What is going on with the Supreme Court vis-à-vis gerrymandering?
The Supreme Court justices are busy finishing up their current term and the past weeks have seen decisions handed down on gerrymandering cases.
To get you up to speed, the court considered cases from three states during its 2017 term:
Information about these, and all Supreme Court cases for the 2017 term can be found at www.scotusblog.com/case-files/terms/ot2017/
The first two cases focused on partisan gerrymandering and the third on racial gerrymandering. Decisions for the partisan claims had the potential to usher in sweeping changes in the way map-makers draw district lines and, in fact, Justice Ruth Bader Ginsberg said that Gill v. Whitford is the most important case the court would hear this term.
In August I wrote a little bit about the Wisconsin case and more in the January Notices of the AMS.
Incidentally, there were other cases considered that have to do with voting rights including one examining the process Ohio uses to remove voters on change-of-residence grounds, and one having to do with what voters can wear to polling places in Minnesota.
But what happened with the important Wisconsin and Maryland cases? In short, the Wisconsin case charged that Republicans had done the rigging, while in Maryland the Democrats were accused. The justices’ opinions for both were announced on June 18; by announcing their decisions in the two cases at the same time, they are able to appear not to favor one party over another. Chief Justice John Roberts delivered the Wisconsin opinion and the Maryland opinion was per curiam.
Why are these decisions important to the mathematics and statistics community?
Amy Howe writes that with these two cases on their docket, “there were high hopes that the justices would finally weigh in definitively on challenges to the practice of purposely drawing maps to favor one party at the expense of another – either by holding that courts should steer clear of such claims or by laying out standards for courts to use in evaluating them.”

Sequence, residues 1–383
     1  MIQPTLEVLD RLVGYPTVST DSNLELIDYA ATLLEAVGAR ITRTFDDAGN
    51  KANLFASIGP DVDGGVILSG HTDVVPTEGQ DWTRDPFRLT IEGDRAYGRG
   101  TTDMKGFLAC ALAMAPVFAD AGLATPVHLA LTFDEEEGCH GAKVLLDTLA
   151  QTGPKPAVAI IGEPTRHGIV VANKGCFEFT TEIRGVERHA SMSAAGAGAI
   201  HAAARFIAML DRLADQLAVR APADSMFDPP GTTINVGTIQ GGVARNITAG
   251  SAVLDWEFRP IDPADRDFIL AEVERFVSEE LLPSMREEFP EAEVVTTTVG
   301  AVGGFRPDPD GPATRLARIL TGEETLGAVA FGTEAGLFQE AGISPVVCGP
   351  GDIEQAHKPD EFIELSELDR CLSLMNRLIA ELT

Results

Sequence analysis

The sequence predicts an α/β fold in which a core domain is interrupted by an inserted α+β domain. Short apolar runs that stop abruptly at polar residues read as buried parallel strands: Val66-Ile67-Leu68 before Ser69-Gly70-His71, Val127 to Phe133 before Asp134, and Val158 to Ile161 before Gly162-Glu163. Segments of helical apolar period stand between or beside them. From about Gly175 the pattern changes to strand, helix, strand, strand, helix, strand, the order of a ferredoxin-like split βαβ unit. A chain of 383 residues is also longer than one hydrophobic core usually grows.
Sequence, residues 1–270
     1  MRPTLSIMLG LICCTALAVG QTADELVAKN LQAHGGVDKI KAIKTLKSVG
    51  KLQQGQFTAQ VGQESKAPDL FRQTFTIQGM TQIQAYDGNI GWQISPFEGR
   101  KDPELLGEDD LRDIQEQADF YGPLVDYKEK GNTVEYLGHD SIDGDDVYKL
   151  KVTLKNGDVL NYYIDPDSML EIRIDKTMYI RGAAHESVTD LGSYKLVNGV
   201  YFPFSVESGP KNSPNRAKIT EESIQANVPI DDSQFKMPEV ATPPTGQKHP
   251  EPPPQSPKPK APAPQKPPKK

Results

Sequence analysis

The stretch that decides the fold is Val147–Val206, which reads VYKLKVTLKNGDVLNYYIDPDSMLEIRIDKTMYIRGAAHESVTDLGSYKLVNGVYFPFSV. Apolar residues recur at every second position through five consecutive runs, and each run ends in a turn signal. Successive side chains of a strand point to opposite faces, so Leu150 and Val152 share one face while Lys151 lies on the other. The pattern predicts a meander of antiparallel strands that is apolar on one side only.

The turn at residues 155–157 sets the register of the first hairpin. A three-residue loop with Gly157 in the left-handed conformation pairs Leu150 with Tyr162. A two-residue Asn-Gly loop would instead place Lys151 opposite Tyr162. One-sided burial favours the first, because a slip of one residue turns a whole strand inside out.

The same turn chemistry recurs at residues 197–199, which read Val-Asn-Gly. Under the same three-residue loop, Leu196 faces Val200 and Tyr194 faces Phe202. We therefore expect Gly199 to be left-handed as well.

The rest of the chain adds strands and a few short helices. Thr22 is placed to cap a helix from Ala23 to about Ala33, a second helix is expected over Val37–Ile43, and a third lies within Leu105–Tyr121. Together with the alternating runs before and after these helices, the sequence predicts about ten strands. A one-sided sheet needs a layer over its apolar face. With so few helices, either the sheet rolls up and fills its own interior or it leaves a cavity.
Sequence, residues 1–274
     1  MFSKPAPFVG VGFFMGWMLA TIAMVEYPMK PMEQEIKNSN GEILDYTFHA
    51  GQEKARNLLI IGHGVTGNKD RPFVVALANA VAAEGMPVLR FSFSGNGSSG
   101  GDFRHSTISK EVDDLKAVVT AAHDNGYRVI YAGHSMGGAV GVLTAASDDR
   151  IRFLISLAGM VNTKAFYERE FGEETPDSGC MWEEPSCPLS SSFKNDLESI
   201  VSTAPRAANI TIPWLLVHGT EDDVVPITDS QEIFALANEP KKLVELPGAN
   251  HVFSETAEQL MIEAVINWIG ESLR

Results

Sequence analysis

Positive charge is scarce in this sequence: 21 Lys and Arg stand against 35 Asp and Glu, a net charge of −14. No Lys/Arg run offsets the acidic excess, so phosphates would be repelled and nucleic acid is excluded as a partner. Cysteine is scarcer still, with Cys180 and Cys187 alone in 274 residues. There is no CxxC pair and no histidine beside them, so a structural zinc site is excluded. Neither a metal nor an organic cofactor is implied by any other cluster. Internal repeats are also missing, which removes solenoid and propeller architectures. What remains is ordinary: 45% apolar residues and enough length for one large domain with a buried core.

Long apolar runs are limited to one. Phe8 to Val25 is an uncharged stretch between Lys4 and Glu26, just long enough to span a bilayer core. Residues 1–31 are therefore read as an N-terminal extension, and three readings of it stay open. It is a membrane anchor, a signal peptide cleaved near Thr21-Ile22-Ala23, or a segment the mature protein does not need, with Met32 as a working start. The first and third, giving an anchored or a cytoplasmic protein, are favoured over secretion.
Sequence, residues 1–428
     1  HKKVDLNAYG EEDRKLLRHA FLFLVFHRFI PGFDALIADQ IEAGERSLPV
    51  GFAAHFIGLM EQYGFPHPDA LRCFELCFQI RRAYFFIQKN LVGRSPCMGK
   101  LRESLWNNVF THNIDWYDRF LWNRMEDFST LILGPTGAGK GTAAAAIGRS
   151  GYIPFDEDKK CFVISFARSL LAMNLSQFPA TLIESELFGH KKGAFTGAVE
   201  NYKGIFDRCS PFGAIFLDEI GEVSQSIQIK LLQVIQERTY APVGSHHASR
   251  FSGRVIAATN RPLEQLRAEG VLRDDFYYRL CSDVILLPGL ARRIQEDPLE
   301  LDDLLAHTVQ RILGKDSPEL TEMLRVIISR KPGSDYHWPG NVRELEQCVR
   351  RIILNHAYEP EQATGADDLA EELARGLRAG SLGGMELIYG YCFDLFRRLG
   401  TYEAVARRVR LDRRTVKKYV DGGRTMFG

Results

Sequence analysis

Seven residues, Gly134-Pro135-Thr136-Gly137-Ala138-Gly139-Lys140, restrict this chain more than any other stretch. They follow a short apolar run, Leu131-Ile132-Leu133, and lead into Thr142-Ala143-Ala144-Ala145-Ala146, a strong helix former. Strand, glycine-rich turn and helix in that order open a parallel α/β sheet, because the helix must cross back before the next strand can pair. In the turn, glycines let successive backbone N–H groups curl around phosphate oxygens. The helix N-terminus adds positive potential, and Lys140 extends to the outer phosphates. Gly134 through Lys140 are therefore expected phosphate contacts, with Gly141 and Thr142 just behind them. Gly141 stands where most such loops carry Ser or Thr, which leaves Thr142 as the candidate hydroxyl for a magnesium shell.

Justice Anthony Kennedy was the pivotal judge; he believes that courts could have a role in partisan gerrymandering cases if a workable standard for evaluating them were to be found (see pages 10-11 of the Gill v. Whitford opinion). Justice Kennedy was not persuaded by arguments this term, and the status quo remains.
Had the Wisconsin case gone differently, it could, for example, have deemed the efficiency gap to be a workable standard. The mathematics community has not come together around this particular standard, nor any other quantitative measure of partisan fairness. However, our community is focusing on a general approach, which we refer to as “outlier analysis.” See below for more on this approach.
Over the past year, the AMS Council has approved a joint statement with the American Statistical Association on the role of the mathematical sciences in redistricting and the AMS has become a partner of the ASA’s Count on Stats initiative which educates about, supports and advocates for the use of sound statistical science by federal agencies (including, of course, the Census Bureau whose work is foundational for redistricting).
Researchers could/should take these Supreme Court decisions as a “call to action.”
Read the last paragraph of this article in The Hill!
We need to continue to:
- Improve our methods so that – one day – map-drawers, Supreme Court justices, and other key players will be able to effectively use mathematics and statistics to create (partisanly speaking) “fair” voting districts. (There are, of course, teams of researchers working on this problem already.)
- Educate – before 2020 – about the strengths of our approaches to the problem of partisan gerrymandering so that map-drawers will choose to adopt them, even without a Supreme Court decision (by, for example, giving talks in our local communities at schools, churches, senior centers; writing op eds; getting involved actually drawing maps if possible).